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A Democratic Theory of Judgment$
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Linda M. G. Zerilli

Print publication date: 2016

Print ISBN-13: 9780226397849

Published to Chicago Scholarship Online: September 2017

DOI: 10.7208/chicago/9780226398037.001.0001

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Democracy and the Problem of Judgment

Democracy and the Problem of Judgment

Chapter:
One Democracy and the Problem of Judgment
Source:
A Democratic Theory of Judgment
Author(s):

Linda M. G. Zerilli

Publisher:
University of Chicago Press
DOI:10.7208/chicago/9780226398037.003.0001

This chapter lays out the basic conceptual vocabulary of the debate over political judgment in contemporary theory. It finds a strange affinity between neo-Kantians such as John Rawls and Juergen Habermas, on one side, and political affect theorists such as William Connolly and John Protevi, on the other side: namely, their deep distrust of ordinary modes of judging. This distrust is argued to be pervasive in democratic theory and is symptomatic of a broader skepticism towards that which is viewed as "merely" subjective in ordinary practices of judgment. Turning to Arendt, the chapter explores her refusal to treat judgment as a special ability of elites and her insistence that what makes a judgment political is not a certain object but the way in which the judgment proceeds. Arendt, refusing to define judging as either wholly subjective or wholly objective, draws on Kant's reflective conception of judging without the mediation of a concept and implicitly on Wittgenstein's radical view of rule-following. Through an ordinary conception of judging, she develops a unique conception of political objectivity that is attuned to the irreducibly subjective or affective dimension of such judging.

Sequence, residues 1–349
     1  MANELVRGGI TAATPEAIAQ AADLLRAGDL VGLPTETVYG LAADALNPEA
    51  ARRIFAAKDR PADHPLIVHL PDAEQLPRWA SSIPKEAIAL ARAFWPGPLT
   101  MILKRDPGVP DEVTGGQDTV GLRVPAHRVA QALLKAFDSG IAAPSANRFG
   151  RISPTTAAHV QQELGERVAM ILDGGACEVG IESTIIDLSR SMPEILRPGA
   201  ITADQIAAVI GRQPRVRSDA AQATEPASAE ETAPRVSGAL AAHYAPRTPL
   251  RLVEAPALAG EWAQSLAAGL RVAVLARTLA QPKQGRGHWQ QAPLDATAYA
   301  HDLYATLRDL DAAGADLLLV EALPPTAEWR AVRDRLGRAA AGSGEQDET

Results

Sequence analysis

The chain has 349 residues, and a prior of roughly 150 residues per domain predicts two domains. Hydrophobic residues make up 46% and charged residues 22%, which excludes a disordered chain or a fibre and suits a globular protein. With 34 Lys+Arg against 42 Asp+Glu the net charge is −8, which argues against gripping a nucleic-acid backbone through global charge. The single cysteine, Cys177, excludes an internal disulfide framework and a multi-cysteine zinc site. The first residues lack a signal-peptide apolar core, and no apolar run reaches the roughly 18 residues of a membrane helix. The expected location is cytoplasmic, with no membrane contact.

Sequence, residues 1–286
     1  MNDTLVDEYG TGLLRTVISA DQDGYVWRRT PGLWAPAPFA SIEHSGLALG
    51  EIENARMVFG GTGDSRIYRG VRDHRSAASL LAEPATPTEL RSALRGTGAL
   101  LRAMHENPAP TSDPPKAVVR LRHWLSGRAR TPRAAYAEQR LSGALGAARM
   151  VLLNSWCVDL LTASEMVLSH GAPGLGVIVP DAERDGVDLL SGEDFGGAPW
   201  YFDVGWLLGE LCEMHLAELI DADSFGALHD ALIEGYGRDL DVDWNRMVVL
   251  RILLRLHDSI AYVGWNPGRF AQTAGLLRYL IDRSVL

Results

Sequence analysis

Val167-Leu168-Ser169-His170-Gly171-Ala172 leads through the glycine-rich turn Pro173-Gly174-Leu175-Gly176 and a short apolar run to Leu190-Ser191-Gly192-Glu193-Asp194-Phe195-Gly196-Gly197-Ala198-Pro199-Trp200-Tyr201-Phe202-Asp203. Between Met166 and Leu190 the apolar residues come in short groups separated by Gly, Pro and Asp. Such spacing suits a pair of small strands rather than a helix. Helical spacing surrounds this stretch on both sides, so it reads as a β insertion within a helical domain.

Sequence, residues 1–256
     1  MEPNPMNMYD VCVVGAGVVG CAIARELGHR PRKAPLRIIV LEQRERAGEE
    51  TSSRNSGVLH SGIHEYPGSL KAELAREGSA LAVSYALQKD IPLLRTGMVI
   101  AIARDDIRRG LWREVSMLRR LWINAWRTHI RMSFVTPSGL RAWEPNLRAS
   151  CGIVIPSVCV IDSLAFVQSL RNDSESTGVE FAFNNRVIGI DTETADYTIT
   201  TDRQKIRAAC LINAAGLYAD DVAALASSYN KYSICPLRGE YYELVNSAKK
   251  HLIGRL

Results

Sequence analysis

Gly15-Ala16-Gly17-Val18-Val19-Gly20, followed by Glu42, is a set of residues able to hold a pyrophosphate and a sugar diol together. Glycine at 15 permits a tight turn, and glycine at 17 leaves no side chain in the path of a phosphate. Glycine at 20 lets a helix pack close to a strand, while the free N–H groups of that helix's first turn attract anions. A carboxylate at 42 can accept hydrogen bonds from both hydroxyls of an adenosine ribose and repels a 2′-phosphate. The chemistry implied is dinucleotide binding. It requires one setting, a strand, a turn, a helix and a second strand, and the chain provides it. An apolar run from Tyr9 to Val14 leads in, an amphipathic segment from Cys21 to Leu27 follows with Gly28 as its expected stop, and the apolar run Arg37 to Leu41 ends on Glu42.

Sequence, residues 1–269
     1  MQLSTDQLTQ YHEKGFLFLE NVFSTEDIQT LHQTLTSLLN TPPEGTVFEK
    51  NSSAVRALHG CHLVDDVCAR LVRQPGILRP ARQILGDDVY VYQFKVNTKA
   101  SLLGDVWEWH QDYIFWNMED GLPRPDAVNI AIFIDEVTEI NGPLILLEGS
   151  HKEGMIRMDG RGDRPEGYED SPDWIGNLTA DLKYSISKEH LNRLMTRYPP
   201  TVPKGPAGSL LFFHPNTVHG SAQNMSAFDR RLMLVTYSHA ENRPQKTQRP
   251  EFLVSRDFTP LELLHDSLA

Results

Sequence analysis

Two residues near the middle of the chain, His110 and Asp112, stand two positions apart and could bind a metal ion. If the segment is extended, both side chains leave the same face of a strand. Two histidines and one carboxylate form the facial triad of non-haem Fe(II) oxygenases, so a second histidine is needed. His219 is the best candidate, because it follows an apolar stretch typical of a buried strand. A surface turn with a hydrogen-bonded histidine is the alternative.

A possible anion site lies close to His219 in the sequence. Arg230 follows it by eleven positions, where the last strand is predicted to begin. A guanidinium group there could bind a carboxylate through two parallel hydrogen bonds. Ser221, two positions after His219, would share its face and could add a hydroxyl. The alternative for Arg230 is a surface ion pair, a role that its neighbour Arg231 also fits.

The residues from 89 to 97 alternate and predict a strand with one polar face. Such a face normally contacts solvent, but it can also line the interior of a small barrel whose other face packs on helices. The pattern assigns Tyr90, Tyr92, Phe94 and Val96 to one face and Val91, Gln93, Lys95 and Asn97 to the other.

Keywords:   Hannah Arendt, political judgment, Ludwig Wittgenstein, democratic theory, noncognitivism

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